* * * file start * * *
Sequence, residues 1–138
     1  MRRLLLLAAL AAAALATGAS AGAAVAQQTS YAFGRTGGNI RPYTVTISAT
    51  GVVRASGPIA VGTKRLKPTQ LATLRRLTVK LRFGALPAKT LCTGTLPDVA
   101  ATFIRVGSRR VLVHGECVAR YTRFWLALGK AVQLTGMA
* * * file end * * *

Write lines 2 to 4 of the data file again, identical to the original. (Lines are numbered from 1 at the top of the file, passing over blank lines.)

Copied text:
     1  MRRLLLLAAL AAAALATGAS AGAAVAQQTS YAFGRTGGNI RPYTVTISAT
    51  GVVRASGPIA VGTKRLKPTQ LATLRRLTVK LRFGALPAKT LCTGTLPDVA
   101  ATFIRVGSRR VLVHGECVAR YTRFWLALGK AVQLTGMA